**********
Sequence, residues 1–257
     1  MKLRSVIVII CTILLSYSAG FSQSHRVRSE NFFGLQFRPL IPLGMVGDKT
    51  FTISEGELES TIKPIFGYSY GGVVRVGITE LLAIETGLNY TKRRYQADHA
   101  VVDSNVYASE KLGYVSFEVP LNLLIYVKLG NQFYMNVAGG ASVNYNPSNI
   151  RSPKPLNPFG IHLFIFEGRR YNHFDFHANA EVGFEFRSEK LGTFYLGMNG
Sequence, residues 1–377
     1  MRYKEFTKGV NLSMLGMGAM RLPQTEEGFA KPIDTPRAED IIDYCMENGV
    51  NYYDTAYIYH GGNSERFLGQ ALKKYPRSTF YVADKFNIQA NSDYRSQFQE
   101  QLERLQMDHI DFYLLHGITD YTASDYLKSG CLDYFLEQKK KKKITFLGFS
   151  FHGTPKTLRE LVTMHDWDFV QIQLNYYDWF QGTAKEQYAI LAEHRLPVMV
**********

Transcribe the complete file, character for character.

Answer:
Sequence, residues 1–257
     1  MKLRSVIVII CTILLSYSAG FSQSHRVRSE NFFGLQFRPL IPLGMVGDKT
    51  FTISEGELES TIKPIFGYSY GGVVRVGITE LLAIETGLNY TKRRYQADHA
   101  VVDSNVYASE KLGYVSFEVP LNLLIYVKLG NQFYMNVAGG ASVNYNPSNI
   151  RSPKPLNPFG IHLFIFEGRR YNHFDFHANA EVGFEFRSEK LGTFYLGMNG
Sequence, residues 1–377
     1  MRYKEFTKGV NLSMLGMGAM RLPQTEEGFA KPIDTPRAED IIDYCMENGV
    51  NYYDTAYIYH GGNSERFLGQ ALKKYPRSTF YVADKFNIQA NSDYRSQFQE
   101  QLERLQMDHI DFYLLHGITD YTASDYLKSG CLDYFLEQKK KKKITFLGFS
   151  FHGTPKTLRE LVTMHDWDFV QIQLNYYDWF QGTAKEQYAI LAEHRLPVMV